We bind the variable i in the two addEventListener methods to the global i outside. There is always a mismatch in the value of the i inside and i outside.

The mouseover or mouseout event is only executed when someone hovers on or off the targeted element.

Meanwhile, the loop statement is executed as soon as the web page is loaded. Since we are using one big self-executing function, the display property for the .featured-image class takes effect right away. It disregards whatever happens to the mouseove and mouseoutfunctions.

Therefore, the targeted element’s style, the .featured-image class in this case will always be set to none.

I don’t intend to write about all the nuts and bolts of closure in Javascript, but here’s the most understandable definition of closure that I’ve found:

A closure gives you access to an outer function’s scope from an inner function.

Eric Elliott

Generally, declaring functions in a loop is a bad idea, but for the sake of practice, we’ll try to find a way to get through this problem.

IFFE, or Immediately Invoke Function Expression is a solution to protect the scope of your function and the variables within it.

In our case, we want variable i inside the mouseover and mouseout functions to be copied from, but not bound to the global i.

In other words, global i changes, but inner i stays the same, because the for loop and the functions for event listeners are operating on two different scopes.

Here’s what an IFFE looks like:

(function(i) {
return function() {
service[i].nextElementSibling.style.display = "block";
}
}(i))

An IFFE is wrapped inside brackets, and that’s how you tell it apart from traditional functions.

It usually has no name, because once we’ve created it, we’ll call it only once, and have no intention of calling it again.

In order to call the IFFE, we add a pair of brackets at the end of the function, just before the semicolon. Inside the brackets is, of course, the parameters for our IFFE.

Our final codes will look like this:

var service = document.getElementsByClassName('service');
var imgList = document.getElementsByClassName('featured-image');

for (var i = 0; i < imgList.length; i++) {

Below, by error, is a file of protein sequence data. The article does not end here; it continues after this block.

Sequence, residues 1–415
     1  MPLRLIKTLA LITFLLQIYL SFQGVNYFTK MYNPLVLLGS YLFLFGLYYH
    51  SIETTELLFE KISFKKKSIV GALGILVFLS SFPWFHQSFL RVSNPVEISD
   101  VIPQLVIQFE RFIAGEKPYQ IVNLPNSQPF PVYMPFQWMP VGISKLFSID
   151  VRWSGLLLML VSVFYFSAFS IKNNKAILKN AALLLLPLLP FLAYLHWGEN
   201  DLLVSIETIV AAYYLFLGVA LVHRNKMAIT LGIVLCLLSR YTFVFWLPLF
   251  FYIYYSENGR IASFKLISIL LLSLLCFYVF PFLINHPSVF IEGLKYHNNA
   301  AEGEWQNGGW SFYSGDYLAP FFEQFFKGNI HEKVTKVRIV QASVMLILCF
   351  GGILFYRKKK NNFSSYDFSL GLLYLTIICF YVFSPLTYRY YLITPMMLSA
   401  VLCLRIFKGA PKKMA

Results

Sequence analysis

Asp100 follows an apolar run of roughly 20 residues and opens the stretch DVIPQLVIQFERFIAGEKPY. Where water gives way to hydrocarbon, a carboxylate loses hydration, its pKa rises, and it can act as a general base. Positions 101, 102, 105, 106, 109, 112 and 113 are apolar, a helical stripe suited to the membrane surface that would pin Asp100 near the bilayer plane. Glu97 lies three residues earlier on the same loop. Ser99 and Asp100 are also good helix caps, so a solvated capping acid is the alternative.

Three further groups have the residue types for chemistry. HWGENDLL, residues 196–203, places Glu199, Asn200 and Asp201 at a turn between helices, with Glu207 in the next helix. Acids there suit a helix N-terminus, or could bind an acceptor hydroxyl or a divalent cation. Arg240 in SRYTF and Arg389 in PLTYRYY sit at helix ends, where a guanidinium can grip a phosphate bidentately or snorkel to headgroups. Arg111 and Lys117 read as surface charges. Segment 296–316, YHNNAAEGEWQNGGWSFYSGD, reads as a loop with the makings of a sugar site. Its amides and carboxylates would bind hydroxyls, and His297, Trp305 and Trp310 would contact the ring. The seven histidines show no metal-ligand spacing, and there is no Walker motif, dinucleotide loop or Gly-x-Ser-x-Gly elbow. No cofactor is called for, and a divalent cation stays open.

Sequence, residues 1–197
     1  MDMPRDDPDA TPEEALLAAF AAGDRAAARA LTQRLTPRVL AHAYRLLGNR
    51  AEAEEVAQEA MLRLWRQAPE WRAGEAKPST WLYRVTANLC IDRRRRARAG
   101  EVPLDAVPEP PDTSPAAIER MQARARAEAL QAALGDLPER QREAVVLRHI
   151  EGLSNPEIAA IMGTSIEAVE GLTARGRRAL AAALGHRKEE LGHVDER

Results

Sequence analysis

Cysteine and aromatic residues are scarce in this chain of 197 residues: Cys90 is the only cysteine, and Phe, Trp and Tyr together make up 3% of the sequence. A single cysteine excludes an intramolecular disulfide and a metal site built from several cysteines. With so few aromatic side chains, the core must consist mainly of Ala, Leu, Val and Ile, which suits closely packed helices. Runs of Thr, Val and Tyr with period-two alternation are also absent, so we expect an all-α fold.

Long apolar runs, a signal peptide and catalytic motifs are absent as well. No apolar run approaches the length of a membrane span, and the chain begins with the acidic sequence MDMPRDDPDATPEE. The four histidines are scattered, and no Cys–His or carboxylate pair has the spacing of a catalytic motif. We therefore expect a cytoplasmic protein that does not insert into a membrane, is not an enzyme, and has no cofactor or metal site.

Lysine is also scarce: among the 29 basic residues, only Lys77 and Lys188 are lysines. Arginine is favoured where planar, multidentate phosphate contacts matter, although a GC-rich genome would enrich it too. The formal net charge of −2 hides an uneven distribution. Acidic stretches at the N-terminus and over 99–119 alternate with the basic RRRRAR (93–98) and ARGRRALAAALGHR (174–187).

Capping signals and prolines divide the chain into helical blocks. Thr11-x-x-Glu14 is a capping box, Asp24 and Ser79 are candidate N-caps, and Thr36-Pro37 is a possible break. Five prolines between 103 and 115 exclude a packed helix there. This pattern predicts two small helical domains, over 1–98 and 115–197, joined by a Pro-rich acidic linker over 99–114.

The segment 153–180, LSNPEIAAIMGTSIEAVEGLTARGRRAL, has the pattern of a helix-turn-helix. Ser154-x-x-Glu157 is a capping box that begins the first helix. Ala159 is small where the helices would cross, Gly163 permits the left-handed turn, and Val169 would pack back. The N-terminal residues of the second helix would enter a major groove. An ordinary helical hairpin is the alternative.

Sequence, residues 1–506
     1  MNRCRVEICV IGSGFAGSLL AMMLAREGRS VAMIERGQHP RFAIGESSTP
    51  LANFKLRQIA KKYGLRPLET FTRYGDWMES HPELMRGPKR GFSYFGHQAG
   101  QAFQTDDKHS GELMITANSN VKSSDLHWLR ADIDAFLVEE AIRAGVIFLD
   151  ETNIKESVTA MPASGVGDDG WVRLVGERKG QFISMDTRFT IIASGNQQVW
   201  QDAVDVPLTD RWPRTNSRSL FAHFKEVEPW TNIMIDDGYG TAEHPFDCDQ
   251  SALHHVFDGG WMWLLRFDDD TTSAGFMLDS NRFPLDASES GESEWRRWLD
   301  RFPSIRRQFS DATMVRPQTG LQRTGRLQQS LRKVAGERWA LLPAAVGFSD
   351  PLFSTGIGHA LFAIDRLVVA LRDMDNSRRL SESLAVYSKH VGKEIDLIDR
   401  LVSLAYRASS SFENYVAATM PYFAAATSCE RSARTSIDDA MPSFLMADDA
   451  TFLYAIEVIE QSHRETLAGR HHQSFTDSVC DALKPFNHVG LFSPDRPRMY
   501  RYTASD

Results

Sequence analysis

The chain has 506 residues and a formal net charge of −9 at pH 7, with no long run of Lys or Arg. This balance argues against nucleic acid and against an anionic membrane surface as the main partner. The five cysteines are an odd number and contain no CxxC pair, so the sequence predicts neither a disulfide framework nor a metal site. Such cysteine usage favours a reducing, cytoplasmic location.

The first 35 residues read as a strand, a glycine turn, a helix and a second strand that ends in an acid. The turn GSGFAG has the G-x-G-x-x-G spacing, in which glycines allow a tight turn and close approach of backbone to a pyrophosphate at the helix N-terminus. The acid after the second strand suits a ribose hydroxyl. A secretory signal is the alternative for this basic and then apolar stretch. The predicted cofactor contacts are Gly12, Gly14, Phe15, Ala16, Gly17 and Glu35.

imgList[i].style.display = "none";
service[i].addEventListener("mouseover",(function(i) {
return function() {
service[i].nextElementSibling.style.display = "block";
}
}(i)));
service[i].addEventListener("mouseout",(function(i) {
return function() {
service[i].nextElementSibling.style.display = "none";
}
}(i)));
}

The result:

Create Javascript closure with IFFE
Create Javascript closure with IFFE

If you are wondering why the images are different, that’s because I use the Unsplash source for embedding placeholder images, and I choose random options.

To be honest, I never fully understand the different between let and var statements until I encounter closure, a rites of passage for any Javascript learners.

The let statement lets you declare a block scope variable. Actually, this is a fancy way to refer to the action of making your local variable i unchained by the global i.

for (let i = 0; i < imgList.length; i++) {
imgList[i].style.display = "none";
service[i].addEventListener("mouseover",function() {
service[i].nextElementSibling.style.display = "block";
});

service[i].addEventListener("mouseleave", function() {
service[i].nextElementSibling.style.display = "none";
);
};

Tadah!

Create Javascript closure with let statement
Create Javascript closure with let statement

Javascript closure has always been a mythological concept to grasp, but I think it’s even more flabbergasting when we involve for loop and addEvenetListeners.

Do you have a more efficient way to to display image on hover? Or is there any juicy lesson about Javascript closure that you would like to share? Please share your insights in the comments.

A web developer who lives with poor internet and always thinks of a new way to improve your site speed by 0.1%. Love automation in any form.